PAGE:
This month, we be were busy raising the alarm about the huge rise in dead seals washing up and being reported across Ireland’s coastlines.n 2020 SRI recorded a total of 202 dead seal reports, nearly DOUBLE that of 2019! And the trend continues: so far 2021 is starting off strong, with double the numbers reported from this time in 2020
Meet Falafel our Climate Emergency Ambassador!
Following a stormy few days in November 2019, our rescue team were called out to Arklow, to assess the state of a grey seal pup who was stranded and in very poor condition. In a battered, lethargic state, sporting obvious injuries to her muzzle, nose and belly our team decided to lift Falafel from the beach, which is a common hangout for local dog walkers. She was admitted to intensive care at our rescue centre in Courtown.
Strangely, falafel was adorned with three red, purple and blue spray painted dots on her lower back. After significant research into the source of these dots, our team reached out to The Wildlife Trust of South and West Wales.
They had been monitoring pups at the Skomer Island grey seal colony, during pupping season. Their team was able to identify Falafel, confirming the most recent location she was seen with her mother.It is not uncommon for grey seal pups to be washed from the shores of their rookeries during large storms.
In fact, during Ex-hurricane Ophelia in 2018, one of the UK’s largest seal colonies, Ramsey Island lost 75% of its pups. Unseasonal weather events disrupt the life cycles of a vast number of species, who have adapted to the weather patterns that have developed over the past several millennia.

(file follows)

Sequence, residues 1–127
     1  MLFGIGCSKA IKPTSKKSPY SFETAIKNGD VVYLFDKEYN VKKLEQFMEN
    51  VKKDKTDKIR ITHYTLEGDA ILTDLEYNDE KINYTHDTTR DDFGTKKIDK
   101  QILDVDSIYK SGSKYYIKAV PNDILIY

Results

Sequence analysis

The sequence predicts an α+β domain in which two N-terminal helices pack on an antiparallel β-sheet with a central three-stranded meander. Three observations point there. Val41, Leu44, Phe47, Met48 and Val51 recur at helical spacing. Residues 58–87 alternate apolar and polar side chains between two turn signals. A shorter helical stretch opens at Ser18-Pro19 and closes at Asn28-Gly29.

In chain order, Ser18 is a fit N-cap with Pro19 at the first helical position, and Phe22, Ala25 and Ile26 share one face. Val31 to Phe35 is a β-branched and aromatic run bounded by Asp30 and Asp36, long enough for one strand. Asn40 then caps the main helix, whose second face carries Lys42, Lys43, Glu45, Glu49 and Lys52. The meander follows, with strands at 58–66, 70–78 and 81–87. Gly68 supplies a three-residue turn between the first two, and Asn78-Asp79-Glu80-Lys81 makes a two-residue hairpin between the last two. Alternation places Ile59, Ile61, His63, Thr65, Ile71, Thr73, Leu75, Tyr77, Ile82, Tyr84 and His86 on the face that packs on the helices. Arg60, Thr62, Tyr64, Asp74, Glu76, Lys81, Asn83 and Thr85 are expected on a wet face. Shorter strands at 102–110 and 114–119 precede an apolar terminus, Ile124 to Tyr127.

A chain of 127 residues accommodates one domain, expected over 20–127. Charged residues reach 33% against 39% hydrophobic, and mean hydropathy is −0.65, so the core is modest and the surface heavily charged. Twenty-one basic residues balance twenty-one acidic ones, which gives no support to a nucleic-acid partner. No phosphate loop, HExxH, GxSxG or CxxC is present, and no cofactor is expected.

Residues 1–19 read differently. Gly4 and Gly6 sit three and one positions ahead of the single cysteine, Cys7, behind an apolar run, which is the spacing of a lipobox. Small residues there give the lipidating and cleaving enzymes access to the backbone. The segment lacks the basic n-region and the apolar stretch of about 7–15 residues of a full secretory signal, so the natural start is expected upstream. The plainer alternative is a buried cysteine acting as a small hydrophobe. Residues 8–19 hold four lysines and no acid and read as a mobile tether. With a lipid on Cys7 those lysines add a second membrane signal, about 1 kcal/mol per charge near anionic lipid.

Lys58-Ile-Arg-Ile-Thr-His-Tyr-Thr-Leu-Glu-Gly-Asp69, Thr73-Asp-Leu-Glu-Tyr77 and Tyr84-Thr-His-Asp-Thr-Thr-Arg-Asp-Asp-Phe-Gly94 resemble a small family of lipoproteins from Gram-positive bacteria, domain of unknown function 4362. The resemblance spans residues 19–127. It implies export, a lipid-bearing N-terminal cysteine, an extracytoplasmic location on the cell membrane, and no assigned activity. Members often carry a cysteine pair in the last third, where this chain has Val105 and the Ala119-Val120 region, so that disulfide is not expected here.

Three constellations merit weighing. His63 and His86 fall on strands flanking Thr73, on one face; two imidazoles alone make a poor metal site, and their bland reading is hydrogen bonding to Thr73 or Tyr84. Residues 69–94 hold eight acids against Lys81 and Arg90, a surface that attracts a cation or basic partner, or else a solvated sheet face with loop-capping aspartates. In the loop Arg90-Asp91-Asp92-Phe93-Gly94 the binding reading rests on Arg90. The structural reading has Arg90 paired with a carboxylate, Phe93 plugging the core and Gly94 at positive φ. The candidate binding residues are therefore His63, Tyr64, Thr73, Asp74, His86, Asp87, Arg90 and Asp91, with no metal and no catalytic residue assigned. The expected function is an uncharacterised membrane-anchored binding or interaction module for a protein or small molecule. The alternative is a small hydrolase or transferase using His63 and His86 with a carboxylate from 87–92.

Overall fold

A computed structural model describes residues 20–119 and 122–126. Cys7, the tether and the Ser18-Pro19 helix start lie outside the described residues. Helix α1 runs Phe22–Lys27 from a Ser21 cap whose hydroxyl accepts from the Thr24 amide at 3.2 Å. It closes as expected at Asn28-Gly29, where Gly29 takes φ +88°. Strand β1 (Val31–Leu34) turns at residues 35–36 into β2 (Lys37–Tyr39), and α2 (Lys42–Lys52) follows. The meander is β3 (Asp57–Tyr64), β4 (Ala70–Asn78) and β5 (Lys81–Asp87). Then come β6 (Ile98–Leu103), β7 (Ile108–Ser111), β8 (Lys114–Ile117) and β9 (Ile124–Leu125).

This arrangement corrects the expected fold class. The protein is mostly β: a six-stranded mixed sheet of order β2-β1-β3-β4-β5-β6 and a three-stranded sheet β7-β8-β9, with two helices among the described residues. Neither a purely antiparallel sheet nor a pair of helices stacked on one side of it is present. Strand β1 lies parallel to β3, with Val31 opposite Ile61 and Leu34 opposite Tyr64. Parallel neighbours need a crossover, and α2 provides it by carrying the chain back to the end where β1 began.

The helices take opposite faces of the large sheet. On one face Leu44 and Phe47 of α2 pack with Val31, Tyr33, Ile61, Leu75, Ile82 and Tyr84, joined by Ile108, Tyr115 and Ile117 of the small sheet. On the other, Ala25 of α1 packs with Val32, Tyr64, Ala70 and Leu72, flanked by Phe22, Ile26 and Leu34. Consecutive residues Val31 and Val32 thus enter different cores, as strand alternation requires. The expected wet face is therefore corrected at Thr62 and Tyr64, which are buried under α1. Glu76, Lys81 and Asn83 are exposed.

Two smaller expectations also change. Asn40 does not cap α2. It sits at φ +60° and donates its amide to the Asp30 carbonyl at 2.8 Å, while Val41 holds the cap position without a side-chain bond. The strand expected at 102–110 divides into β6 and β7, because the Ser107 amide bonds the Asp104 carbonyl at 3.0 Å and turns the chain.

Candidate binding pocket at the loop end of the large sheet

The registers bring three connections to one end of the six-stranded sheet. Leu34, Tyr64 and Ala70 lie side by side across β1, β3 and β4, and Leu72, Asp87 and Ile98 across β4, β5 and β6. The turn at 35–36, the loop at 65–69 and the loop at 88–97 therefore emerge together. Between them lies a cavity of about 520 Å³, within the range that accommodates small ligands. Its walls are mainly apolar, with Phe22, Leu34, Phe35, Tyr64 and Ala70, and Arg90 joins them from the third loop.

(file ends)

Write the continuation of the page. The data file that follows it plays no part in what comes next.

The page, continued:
Paul O’Gorman of MIT, stated in Nature Geoscience that, for every 1°C in temperature increase, the atmosphere can hold 7% more moisture. The consequence of this is a marked increase in frequency and severity of extreme weather events; such as, the draughts, floods and hurricanes being recorded worldwide.
Although, extreme weather events and storm surges are having a growing impact on human lives and the global economy, those affected most by our changing climate, are the wildlife who call the threatened marine environment home.
WANT TO GET INVOLVED AND HAVE AN IMPACT?
Here’s your very own Sustainability Toolkit!
- Eat less meat and don’t waste food (more info).
- Insulate your home and switch to renewable energy. In Ireland, you can choose to purchase your office or household energy from SSE Airtricity.
- Plant native trees, along all waterways, especially those passing through agricultural land OR donate to our Courtown Harbour Restoration Project!
- Use eco-friendly transport: walk, bike, utilise public transport or invest in an electric vehicle. Where possible source local products to significantly decrease the impacts of international shipping
- Support global female education efforts and contraception initiatives which are proven to reduce population growth.